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Why Caron and Antawn can't get it going at the same time


(Gary Dineen/NBAE/Getty Images)

One of the common criticisms that I've heard about the Wizards this year (other than the complaints about their defense, off-season moves, and lack of rebounding) is that last year's two All-Star representatives, Caron Butler and Antawn Jamison, can't seem to get going on the same night this season. 

Of course, last year their consistency was a big part of why the Wizards were able to survive the absence of Gilbert Arenas and make the trip to New Orleans for the All-Star game.  This year, their numbers are similar to what we saw last year, but it seems like they're taking turns delivering the big numbers on a game to game basis.

So what's been the difference this year?  Look no further than the starting lineup.  Last year, the Wizards trotted out this starting 5 for the majority of their games:

PG: Antonio Daniels
DeShawn Stevenson
SF: Caron Butler
PF: Antawn Jamison
C: Brendan Haywood

There's four legit starters in that lineup and one of the better bench players in the league.  You know where most of the offense is coming from, but there's enough talent there to keep opposing defenses from keying in on them all the time.  Now compare that to this year's starting 5:

PG: Mike James
Caron Butler
SF: Dominic McGuire
PF: Antawn Jamison
C: Andray Blatche

There's only two players in that grouping that should be starting for an NBA team.  No disrespect to James, McGuire, and Blatche but the reality is that at this point in their careers, they should all be bench players.  The only way the Wizards have a chance of winning this season is when the two starting-calibur players have stellar games.  I know that, you know that, the Wizards know that, and most importantly, the teams facing the Wizards know that.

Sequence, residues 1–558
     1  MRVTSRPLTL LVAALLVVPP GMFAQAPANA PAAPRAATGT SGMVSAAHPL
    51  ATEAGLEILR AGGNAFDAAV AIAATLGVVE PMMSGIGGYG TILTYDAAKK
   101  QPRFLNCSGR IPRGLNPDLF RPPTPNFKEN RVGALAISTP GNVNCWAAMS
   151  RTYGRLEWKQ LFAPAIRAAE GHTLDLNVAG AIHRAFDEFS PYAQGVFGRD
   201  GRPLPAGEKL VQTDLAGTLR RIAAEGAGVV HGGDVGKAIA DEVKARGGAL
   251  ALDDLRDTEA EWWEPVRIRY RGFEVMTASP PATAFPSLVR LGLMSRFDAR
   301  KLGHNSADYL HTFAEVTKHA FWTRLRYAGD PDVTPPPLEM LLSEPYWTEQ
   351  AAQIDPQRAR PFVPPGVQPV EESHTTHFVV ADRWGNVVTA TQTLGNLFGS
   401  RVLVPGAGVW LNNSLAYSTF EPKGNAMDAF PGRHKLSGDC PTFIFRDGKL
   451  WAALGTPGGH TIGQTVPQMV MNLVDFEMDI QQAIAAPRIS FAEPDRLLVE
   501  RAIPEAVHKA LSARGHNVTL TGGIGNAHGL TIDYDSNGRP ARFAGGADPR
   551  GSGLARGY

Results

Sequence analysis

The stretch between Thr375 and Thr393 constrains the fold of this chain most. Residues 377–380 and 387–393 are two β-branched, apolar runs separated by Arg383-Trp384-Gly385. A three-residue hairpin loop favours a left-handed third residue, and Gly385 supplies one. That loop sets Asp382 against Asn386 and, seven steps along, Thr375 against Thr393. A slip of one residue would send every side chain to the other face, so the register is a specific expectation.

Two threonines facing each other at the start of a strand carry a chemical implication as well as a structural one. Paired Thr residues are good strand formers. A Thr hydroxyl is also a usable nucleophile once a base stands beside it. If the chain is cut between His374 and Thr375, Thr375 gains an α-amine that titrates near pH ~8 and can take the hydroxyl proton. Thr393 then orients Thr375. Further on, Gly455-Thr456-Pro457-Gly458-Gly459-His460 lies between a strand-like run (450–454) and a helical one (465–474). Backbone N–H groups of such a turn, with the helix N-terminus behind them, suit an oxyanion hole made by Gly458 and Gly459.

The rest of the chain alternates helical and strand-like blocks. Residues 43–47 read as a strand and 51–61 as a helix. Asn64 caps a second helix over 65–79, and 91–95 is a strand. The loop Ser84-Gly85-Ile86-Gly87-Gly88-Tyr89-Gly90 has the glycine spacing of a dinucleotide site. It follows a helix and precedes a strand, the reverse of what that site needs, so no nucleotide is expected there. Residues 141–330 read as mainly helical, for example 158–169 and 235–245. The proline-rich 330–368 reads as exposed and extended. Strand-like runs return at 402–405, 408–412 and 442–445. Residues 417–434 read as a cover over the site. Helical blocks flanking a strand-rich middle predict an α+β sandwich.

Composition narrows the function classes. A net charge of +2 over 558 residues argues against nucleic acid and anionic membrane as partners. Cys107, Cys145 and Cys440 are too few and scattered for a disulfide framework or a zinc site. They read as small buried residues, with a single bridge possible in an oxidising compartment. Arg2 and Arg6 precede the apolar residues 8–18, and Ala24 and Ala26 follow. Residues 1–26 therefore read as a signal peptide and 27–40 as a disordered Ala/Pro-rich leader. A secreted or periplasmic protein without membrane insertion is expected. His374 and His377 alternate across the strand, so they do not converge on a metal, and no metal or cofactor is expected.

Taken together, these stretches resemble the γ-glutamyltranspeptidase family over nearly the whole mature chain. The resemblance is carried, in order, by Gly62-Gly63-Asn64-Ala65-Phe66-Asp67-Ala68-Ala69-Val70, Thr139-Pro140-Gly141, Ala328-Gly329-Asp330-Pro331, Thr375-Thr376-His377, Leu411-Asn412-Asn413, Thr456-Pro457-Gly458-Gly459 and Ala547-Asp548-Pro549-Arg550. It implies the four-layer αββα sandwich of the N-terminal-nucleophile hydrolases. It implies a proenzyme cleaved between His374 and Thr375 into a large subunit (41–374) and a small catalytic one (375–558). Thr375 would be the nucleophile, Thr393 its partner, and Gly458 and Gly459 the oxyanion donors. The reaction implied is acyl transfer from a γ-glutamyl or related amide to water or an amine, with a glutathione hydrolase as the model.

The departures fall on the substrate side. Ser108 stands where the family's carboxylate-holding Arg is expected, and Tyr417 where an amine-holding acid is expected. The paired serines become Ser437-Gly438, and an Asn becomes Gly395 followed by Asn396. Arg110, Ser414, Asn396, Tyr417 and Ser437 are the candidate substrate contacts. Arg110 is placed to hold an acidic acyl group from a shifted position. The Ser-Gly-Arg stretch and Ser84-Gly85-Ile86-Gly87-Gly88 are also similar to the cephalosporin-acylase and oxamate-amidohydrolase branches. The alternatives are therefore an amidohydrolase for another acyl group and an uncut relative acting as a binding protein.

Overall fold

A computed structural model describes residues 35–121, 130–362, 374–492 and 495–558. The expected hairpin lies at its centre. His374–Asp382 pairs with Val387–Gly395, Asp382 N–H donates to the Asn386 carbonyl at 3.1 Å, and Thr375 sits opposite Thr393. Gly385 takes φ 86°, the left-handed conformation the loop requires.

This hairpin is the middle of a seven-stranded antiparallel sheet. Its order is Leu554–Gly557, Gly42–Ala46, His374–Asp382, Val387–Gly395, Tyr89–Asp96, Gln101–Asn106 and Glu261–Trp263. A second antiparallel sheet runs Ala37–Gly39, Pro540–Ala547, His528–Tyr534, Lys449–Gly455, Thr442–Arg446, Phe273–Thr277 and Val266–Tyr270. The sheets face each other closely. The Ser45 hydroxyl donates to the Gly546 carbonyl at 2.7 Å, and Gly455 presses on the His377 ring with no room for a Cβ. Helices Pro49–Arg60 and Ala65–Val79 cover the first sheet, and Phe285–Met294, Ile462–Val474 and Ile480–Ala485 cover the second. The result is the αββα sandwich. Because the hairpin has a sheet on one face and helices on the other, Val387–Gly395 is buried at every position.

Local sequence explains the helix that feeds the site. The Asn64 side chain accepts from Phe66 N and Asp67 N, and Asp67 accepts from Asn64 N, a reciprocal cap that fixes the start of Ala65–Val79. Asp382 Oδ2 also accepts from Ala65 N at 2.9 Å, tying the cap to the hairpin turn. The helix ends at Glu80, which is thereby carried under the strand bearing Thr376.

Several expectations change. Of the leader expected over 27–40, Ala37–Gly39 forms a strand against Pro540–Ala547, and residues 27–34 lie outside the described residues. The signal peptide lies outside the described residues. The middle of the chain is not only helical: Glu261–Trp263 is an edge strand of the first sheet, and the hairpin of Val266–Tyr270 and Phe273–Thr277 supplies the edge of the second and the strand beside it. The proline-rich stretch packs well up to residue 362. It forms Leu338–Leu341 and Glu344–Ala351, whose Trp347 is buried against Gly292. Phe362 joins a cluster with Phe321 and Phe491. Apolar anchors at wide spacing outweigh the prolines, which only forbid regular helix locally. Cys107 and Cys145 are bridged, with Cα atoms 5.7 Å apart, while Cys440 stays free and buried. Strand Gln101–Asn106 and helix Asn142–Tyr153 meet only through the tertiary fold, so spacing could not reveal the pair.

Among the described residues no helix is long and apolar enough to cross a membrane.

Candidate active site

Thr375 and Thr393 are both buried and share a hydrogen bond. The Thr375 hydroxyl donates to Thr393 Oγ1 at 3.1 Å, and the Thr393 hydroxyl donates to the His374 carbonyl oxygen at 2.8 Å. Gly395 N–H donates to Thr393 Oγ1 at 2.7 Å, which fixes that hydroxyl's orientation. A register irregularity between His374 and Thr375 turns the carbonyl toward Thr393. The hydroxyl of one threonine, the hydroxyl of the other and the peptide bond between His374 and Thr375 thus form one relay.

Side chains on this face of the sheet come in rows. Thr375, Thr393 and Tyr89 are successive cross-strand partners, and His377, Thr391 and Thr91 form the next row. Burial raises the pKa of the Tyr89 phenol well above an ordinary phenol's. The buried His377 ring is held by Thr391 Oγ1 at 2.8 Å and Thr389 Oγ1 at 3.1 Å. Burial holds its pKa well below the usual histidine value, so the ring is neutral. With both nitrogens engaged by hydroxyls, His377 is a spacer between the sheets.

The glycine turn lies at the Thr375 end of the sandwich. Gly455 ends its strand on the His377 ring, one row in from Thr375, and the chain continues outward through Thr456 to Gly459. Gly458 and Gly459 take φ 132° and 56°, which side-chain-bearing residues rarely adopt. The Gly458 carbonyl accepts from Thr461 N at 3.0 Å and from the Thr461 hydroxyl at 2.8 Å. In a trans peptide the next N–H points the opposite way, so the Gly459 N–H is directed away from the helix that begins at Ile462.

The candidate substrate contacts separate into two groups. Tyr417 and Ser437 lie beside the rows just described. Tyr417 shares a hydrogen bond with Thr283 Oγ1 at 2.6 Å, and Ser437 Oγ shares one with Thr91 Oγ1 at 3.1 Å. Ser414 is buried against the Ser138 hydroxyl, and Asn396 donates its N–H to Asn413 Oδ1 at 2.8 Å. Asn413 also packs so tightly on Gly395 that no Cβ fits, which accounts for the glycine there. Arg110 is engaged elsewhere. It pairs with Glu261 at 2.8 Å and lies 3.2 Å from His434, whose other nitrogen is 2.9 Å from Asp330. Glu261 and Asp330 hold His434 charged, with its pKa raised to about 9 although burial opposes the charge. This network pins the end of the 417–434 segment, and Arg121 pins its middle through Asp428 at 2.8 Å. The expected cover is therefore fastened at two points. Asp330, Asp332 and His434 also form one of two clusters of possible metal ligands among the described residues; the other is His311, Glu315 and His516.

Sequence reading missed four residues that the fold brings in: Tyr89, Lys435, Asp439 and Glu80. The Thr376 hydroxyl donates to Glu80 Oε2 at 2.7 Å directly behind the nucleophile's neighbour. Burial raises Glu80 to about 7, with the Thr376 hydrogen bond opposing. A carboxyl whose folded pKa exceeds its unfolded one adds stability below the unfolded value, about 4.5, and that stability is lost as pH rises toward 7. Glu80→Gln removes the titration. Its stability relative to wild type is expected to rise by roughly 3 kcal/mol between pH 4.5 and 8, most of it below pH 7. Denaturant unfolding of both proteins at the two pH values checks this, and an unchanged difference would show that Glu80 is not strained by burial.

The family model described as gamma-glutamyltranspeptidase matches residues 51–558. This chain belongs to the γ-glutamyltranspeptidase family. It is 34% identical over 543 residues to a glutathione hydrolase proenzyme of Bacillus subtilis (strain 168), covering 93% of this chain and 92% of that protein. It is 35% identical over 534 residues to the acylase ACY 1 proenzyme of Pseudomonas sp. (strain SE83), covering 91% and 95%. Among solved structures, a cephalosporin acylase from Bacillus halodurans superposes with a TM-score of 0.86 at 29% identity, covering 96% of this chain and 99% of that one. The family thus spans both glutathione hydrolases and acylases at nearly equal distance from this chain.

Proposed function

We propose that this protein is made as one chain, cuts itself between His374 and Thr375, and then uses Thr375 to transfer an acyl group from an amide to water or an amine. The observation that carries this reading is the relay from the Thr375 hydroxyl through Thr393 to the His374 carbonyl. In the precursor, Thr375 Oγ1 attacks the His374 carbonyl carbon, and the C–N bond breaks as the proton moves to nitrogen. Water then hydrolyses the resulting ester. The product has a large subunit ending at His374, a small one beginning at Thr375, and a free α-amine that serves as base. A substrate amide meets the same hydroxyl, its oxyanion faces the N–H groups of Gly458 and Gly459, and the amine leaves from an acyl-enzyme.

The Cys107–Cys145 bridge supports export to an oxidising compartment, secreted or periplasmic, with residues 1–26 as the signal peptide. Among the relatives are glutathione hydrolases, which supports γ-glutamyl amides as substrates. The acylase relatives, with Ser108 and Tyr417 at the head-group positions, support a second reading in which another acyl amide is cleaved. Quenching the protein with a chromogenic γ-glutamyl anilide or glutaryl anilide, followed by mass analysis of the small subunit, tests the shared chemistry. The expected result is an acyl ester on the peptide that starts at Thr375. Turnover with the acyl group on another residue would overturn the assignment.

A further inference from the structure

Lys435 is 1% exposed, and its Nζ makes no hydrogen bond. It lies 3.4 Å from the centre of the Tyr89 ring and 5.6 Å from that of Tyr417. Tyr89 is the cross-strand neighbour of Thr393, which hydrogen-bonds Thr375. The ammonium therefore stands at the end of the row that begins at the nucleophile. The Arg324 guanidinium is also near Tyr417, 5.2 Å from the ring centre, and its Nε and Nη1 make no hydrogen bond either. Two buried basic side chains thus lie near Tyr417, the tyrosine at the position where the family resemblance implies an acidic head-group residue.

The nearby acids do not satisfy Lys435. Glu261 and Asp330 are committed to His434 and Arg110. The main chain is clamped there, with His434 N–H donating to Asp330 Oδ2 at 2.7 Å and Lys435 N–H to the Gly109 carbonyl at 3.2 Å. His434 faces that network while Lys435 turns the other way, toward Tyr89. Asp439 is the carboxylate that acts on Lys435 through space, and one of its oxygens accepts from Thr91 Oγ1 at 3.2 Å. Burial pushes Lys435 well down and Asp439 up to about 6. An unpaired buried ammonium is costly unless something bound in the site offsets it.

NBA teams aren't stupid.  They know if they're going up against a two-headed monster with little or no support, a good way to stop it is to focus all of your attention on turning it into a one-headed monster.  Average defenses are good enough to take one players out of their game, elite defenses (like Boston who's taken the Wizards behind the woodshed twice this season) can take both guys out of their game, and poor defenses (like Sacramento, Golden State, New York, and New Jersey; teams that the Wizards have beaten this season) typically can't do a good job of stopping either and that's when the Wizards have a chance at winning.

If you're looking for a reason why Caron and Antawn can't get it going consistently, look no further than their supporting cast.